All the rage these days, a Las Vegas “short sale” to the uninitiated means snatching a valuable piece of property from a grateful lender or desperate property owner at so-called “bargain basement rates.”
Actually, the short sale phenomenon, born from the ashes of the Las Vegas housing burnout of the last few years, is not always what it may seem on the surface. One sees a property that may sell at a considerably below market price, just sitting there, waiting to be snatched up and moved into, or “flipped” for a fat profit. Or so you might think!
A short sale is the result of a home owner’s default on mortgage payments due to an inability to pay as the result of a loss of income, or some such related financial difficulty. The homeowner is facing foreclosure, and the bank is confronted with an unwanted foreclosure proceeding.
So, a short sale is basically a problem solver of sorts for both debtor and lender. Both parties have agreed to sell the property, and the lender hopes the property will sell for as high a price as possible, but is willing to allow the distressed homeowner to sell at less than the mortgage balance if necessary, sparing the lender and homeowner the difficulties of a foreclosure proceeding.
Sounds simple, but it’s not. There are many complexities involved in a short sale, particularly since the prospective buyer’s price offering may or may not be acceptable to the lender. A further complexity for the buyer deals with the issue of the record low mortgage rates currently tempting competing investors from everywhere.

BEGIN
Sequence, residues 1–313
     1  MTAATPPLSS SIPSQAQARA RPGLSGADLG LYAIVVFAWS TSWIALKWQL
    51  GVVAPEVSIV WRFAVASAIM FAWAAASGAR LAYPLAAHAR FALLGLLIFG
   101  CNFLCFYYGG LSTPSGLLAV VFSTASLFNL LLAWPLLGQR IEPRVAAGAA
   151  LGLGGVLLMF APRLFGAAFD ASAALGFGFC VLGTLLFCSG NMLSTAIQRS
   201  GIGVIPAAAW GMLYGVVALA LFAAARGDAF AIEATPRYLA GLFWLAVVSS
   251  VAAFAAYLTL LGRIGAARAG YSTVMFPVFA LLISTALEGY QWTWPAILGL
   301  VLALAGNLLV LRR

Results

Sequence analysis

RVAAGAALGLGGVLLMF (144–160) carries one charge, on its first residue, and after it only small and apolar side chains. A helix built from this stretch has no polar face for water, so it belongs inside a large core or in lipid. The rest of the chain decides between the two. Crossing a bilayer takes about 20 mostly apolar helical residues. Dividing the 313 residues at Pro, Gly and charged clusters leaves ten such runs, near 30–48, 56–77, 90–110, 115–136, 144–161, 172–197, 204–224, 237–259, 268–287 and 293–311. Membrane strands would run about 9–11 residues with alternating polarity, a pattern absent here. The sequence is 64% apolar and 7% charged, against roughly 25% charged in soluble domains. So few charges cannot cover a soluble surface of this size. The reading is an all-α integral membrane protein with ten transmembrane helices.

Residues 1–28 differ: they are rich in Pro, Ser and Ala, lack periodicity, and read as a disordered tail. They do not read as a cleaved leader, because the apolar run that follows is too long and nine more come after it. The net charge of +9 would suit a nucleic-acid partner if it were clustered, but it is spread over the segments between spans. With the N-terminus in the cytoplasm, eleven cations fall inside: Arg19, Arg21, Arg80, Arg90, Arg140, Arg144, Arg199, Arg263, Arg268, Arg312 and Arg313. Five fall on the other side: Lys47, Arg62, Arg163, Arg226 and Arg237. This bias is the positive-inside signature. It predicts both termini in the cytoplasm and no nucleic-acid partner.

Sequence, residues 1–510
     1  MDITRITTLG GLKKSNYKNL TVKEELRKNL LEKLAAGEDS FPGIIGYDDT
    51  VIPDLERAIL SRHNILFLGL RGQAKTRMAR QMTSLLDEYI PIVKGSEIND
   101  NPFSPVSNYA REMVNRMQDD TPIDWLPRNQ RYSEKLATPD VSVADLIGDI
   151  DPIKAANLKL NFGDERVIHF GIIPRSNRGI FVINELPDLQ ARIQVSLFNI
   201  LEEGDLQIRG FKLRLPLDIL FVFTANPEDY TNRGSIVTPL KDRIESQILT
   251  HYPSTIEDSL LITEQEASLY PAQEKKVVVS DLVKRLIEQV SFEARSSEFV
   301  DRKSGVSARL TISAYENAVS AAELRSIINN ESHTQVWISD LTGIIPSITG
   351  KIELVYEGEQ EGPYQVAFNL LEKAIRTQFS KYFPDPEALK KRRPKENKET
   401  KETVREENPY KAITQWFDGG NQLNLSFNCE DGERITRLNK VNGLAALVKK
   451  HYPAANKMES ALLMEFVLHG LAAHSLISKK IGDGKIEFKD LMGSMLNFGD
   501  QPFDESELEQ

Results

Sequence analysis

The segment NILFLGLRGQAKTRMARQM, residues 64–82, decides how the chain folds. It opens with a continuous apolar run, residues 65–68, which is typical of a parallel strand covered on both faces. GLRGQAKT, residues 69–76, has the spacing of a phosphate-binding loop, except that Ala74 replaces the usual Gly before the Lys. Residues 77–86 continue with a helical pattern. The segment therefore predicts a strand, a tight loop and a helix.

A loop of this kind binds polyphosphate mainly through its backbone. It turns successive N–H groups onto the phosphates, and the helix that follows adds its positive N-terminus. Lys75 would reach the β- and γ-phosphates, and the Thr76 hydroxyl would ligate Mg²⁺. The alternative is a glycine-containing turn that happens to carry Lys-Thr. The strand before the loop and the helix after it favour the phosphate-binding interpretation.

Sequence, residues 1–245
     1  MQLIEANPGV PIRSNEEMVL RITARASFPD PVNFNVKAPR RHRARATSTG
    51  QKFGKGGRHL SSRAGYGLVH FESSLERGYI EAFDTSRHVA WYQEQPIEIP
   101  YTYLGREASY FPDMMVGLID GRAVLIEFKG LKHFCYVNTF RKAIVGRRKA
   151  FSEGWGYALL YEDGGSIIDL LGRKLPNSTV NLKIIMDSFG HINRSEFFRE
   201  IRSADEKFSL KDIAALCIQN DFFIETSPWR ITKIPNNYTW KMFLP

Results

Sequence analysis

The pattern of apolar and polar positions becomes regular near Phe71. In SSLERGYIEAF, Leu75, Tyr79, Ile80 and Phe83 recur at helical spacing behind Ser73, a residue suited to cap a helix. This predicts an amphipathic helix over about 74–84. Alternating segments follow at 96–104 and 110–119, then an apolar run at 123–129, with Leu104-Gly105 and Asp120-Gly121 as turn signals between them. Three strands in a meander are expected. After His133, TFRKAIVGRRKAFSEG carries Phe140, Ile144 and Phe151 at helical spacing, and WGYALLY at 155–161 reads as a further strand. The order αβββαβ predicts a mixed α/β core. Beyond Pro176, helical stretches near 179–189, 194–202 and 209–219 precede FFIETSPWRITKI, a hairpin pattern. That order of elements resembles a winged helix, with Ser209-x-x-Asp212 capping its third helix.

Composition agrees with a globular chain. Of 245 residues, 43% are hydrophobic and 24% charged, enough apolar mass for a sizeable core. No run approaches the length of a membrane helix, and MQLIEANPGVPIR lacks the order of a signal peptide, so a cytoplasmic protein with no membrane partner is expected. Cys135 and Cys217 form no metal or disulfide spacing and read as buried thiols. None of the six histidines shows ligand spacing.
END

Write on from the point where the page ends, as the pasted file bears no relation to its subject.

The record-low rates now in effect have attracted even more hungry investors roaming the real estate “jungle” and the lenders now realize they can minimize their losses by encouraging buyers to bid on these distressed properties, which has had the result of driving selling prices upward. Good news for the mortgage holders.
A further complexity –and often frustration – for the buyer is that, unlike in a “normal” real estate transaction, the prospective buyer’s good faith deposit money does not obligate a lender-who may be selling the home through a listing agent- to sell the home to the qualified buyer, or even have an obligation to sell at the original asking price for the property. Instead, the good faith deposit only means that the lender will consider the buyer’s price offer as one of many “bids” the lender is in the process of reviewing.
This process is to the lenders advantage, since the “bidding” encourages many investors to offer higher prices for the property than the competition. The frustrated initial bidder has no choice but to either withdraw the offer and search elsewhere or offer a higher bid and then patiently wait until the lender decides which of the investor bids is most acceptable.
We are not talking strategies here. We are only discussing the basics of the short sale procedure, and emphasizing that patience and persistence, and an understanding that the lender may take weeks, or even months to decide which bid would be acceptable, is the norm these days.
Having a thorough understanding of the processes and procedures involved in short sale investing is the foundation for a strategically workable approach to a profitable undertaking. Bottom line: short sale investing can be a lucrative undertaking, but only for the savvy investor.
One more thought. Since short sale deals often take so much time and effort to close, and as often as these deals can fall through, bidding on short sales shouldn’t really be the focal point of your overall real estate investment strategies.
Should you have any questions about investing in short sales, feel free to give us a call at 702.376.7379 or reply below with your questions.